Once upon a time my train car held wonder, comfort and safety. Now it felt cold, desolate and oppressive.
The pictures of better times that I had tacked on the wall smiled mockingly down at me. Those happy times in the cirque were a sham and my whole career was looking more and more like a lie. 12 hours had passed since we boarded and there was only half an hour more to go until we reached St. Louis.
There were 4 drained energy drink cans beneath my bed next to a half-empty bottle of caffeine pills. My record player was spinning away and with every word David Bowie sang, I got one step closer to hyperventilating. I had attempted to write my grandma a letter, because I knew she would be worried if she didn’t hear from me, but what could I say?
I gave no stunning performance in New Orleans—unless you counted my bravado as I threatened my old friend with a gun that he wasn’t even afraid of. First Aaron was killed and now Jackson’s kamikaze act? When was it going to end? Who would be next?
This was like something straight out of a bad horror movie. I knew that if I tried to write then the truth would come spilling out and we’d all be in a world of trouble. I couldn’t involve her even if it meant cutting off all communication.
I sat in a corner with my head between my knees for the rest of the ride, trying desperately to keep from crying.
Once upon a time Jackson, Aaron and I camped out in this very train car, listening to the same Aladdin Sane record. They let me paint lightning bolts on their faces and we made shirts that said “What Would Bowie Do”. We were just young bloods passing the time between venues, making friendships that we thought would last, and without any cares in the world because we were living the life.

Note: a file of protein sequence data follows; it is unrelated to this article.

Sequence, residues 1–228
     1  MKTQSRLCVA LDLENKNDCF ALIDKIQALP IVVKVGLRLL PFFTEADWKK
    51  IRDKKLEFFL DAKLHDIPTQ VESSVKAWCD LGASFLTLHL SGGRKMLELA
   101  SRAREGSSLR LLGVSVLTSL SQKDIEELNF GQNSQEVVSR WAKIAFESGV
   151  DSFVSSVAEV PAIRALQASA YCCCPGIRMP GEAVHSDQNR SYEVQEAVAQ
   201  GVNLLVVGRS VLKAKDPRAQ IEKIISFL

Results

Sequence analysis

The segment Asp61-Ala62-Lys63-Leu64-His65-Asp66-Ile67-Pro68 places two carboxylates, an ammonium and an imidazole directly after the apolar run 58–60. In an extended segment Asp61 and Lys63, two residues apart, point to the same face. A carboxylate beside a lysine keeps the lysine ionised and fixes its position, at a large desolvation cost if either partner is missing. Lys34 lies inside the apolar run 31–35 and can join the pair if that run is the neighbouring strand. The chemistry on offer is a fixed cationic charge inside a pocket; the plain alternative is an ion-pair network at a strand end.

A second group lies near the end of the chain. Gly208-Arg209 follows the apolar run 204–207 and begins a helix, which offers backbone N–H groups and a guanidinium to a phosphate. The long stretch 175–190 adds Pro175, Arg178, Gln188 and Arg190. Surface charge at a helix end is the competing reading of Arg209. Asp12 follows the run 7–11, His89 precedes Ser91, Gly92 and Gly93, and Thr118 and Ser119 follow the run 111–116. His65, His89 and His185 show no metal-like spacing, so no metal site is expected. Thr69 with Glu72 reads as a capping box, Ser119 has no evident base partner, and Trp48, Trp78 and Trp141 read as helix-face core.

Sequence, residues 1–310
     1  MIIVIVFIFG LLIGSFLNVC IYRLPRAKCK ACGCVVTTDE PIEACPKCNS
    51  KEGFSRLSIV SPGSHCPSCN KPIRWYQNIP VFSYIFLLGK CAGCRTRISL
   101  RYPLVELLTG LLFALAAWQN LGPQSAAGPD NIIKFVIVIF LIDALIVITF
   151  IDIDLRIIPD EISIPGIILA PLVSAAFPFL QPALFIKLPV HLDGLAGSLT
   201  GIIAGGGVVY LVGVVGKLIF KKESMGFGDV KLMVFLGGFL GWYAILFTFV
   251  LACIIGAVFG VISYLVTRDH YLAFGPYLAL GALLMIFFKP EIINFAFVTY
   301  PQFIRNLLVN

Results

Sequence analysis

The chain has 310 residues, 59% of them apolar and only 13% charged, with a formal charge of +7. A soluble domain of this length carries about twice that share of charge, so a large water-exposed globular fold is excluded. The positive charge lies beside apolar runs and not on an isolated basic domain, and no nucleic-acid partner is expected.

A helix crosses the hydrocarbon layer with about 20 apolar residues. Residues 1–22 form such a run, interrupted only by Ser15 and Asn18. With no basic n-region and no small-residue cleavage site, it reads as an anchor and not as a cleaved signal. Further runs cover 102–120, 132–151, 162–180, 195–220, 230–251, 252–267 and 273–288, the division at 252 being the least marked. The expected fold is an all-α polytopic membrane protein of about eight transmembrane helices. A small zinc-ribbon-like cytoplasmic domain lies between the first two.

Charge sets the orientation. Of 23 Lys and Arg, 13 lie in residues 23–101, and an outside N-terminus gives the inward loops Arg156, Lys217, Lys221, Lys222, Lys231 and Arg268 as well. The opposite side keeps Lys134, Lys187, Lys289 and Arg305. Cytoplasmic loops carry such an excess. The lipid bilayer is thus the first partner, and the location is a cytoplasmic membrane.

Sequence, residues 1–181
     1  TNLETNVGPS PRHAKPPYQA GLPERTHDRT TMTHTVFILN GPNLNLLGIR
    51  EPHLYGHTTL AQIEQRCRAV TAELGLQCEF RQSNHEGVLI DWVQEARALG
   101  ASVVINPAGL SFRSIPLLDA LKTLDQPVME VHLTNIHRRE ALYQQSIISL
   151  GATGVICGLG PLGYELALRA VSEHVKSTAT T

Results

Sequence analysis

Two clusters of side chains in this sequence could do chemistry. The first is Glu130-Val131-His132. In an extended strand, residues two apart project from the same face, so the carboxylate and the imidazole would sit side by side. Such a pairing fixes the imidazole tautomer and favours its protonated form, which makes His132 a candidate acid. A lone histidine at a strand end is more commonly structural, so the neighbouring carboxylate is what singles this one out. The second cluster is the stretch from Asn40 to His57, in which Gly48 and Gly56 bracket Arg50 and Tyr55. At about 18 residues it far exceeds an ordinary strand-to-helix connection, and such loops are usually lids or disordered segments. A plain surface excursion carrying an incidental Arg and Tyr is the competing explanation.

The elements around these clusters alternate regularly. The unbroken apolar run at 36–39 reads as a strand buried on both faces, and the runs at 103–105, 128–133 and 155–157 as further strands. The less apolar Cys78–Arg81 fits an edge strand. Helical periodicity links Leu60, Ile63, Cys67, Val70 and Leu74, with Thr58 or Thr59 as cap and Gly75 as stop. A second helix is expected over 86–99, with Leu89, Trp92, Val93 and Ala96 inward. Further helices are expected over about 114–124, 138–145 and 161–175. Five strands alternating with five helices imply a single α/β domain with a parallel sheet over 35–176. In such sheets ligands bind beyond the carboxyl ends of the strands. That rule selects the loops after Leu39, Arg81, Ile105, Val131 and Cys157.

Now they were both gone and I was trapped in the rubble left behind in their wake.
I felt the train come to a stop and seriously considered not getting up. If I never left the train then Wiseacre couldn’t possible affect my life any further. But that would make me a coward, not fitting of being called a Lion Tamer.
I wiped my tears away with shaking hands and stood up. No matter what became of me I was going to give Wiseacre hell.
It was raining lightly when I got off the train and made my way to oversee the unloading of the animals. While using my arm to keep the worst of the droplets out of my eyes, I noticed a shady figure of a man skulking around Wiseacre’s car. Even though I was squinting I was almost certain it was the creepy man that Aaron had been so suspicious of back in Baton Rouge. He was pacing nervously and appeared to be muttering angrily to himself.
I turned to run and find the others and ran into Lisette, knocking her to the ground and landing on top of her.
“Ouch, Nixie!” she mumbled, shoving me off. “It’d be nice if you had just a pinch of the grace your lions do.”
“I’m so sorry; I’m just jittery from all the redbull I think.” I helped her to her feet and glanced back in the direction of Wiseacre’s car, but the man was gone. “Ugh! Can I please catch a break?”
“Hey, Myah wanted me to show you this,” said Lisette, pulling out a piece of paper.
I looked it over and frowned. “An after hours show? Actually…this might explain the creepy man and the mysteriously missing new recruits…”
“What creepy man?” Lisette asked in exasperation. “Just when I think I’ve caught up with you guys, you throw something else into the works.”
I linked arms with her and set out to find the other players of this twisted game. “Trust me; we all feel the same way.”